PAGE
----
A look at Scotts Valley Water District issues
Dec 19, 2013 | 1728 views | 0 0 comments | 6 6 recommendations | email to a friend | print
By Piret Harmon

At the year end, the effective leaders assess the health of their companies and set the direction for the upcoming year. As the general manager, I do the same for the Scotts Valley Water District and would like to share some of my thoughts with the community.

It is my responsibility to work with the board of directors to balance the priorities of the agency, to maintain a balanced operating budget with sufficient reserves for emergencies, and to manage a capital improvement program (with a $2 million budget this fiscal year). I am also responsible for ensuring operational efficiencies, taking care of the customers and employees, and last but not least, making sure that the district is a strong and considerate member of our community. I say “our” as I live in Scotts Valley too.

The Scotts Valley Water District has differences and similarities with other California water agencies. What makes us different? SVWD, along with other Santa Cruz County water districts, is dependent upon local water resources. Since we are geographically separated by the Santa Cruz Mountains, we are not connected to the state’s water supply system. District residents do not receive a drop of water from a system that serves 25 million other Californians — and with this autonomy comes higher vulnerability. Our drinking water supply is 100 percent groundwater which makes making us less susceptible to seasonal fluctuations in precipitation, but challenging us with treating water that is high in mineral content and more expensive to produce. For example, our electric bill is about $500,000 each year.

Similar to almost every water agency throughout the United States, our infrastructure is aging even though it is just over 50 years old. According to the infrastructure cost study done by the American Water Works Association in 2012, “Restoring existing water systems as they reach the end of their useful lives and expanding them to serve a growing population will cost at least $1 trillion over the next 25 years, if we are to maintain current levels of service. In the years ahead, all of us who pay for water service will absorb the cost (of this investment), primarily through higher water bills. In some communities these infrastructure costs alone could triple the size of a typical family’s water bills.”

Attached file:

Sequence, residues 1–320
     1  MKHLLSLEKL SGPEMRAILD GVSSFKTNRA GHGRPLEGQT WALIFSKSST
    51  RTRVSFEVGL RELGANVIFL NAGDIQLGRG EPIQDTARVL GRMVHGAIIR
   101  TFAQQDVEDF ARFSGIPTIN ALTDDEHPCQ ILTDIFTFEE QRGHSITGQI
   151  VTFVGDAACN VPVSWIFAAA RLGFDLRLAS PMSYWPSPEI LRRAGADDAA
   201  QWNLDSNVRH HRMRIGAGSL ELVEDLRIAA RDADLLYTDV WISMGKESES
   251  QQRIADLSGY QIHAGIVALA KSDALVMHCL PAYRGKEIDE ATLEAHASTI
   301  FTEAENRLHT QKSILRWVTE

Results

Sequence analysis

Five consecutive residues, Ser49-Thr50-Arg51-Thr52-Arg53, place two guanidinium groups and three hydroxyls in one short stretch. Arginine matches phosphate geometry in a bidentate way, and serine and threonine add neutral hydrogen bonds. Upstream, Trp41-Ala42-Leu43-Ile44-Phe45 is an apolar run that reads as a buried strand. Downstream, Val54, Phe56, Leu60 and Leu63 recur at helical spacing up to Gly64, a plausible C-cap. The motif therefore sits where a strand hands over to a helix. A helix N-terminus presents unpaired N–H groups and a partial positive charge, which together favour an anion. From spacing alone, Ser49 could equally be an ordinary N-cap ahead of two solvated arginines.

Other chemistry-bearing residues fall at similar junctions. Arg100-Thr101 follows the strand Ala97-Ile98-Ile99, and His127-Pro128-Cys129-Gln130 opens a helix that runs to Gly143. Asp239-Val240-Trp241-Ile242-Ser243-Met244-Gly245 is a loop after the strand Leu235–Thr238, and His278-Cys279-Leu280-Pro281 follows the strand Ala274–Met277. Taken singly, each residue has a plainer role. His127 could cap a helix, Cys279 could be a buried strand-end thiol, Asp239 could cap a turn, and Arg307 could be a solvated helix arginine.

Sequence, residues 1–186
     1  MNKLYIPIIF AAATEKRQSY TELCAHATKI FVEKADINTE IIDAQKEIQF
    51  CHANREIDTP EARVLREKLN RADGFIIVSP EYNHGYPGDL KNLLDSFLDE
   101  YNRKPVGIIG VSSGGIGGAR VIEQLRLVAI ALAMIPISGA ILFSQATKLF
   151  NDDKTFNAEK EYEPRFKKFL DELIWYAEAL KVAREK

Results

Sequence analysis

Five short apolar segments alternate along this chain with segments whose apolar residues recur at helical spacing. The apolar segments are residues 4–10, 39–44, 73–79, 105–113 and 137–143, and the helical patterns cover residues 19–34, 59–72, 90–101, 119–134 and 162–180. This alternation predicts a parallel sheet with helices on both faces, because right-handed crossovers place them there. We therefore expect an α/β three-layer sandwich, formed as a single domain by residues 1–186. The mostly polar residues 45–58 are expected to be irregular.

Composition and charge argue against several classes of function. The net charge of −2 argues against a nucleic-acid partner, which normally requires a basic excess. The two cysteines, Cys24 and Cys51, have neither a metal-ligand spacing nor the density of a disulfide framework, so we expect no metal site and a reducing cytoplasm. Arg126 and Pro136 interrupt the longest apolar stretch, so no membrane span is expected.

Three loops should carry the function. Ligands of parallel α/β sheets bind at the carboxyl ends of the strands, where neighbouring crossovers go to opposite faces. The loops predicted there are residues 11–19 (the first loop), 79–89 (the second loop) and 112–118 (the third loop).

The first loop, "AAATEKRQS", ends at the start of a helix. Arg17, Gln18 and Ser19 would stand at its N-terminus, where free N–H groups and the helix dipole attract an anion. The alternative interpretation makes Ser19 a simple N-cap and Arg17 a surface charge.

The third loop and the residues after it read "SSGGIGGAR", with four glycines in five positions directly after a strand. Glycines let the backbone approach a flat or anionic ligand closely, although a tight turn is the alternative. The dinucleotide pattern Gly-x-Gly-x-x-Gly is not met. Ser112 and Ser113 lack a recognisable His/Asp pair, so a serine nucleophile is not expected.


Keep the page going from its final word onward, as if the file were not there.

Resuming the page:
Our 65 miles of potable water mains, six production wells, and four treatment facilities continue to need constant care, maintenance and upgrades. We also share the need to be water efficient and conserve water. Being water-smart benefits everyone — it reduces individual water (and energy) bills and helps the District to continue to restore our aquifers to sustainable historical levels. Customers who take advantage of our water-efficient rebates have collectively preserved hundreds of thousands of gallons of water in our aquifers and seen reductions in their water bills.

The District has many challenges but we continue work on finding new solutions to a sustainable water supply:

n The City and the District are working together to supply recycled water for large landscape irrigation at businesses, HOAs, schools and parks.

- Local developers are installing water efficient plumbing fixtures for new construction.

- Homeowners are replacing spray-irrigated lawns with low-maintenance and low-water landscaping.

- The District is collaborating with neighboring water agencies to construct system interties to provide more reliability.

You can count on me and my staff to communicate with you and keep the community informed on the district’s projects, accomplishments, challenges, and successes. To start out the New Year, we invite you to take advantage of our free Water Wednesday presentations that will take place at the district office in January. Please stop by to learn about the “wonderful world of water”, and get an opportunity to ask questions on matters that interest you. Visit our website at www.svwd.org for more information.

Best of the holiday season and successful (and rainy) new year for us all!

- Piret Harmon has been the General Manager of Scotts Valley Water District since July 2013.

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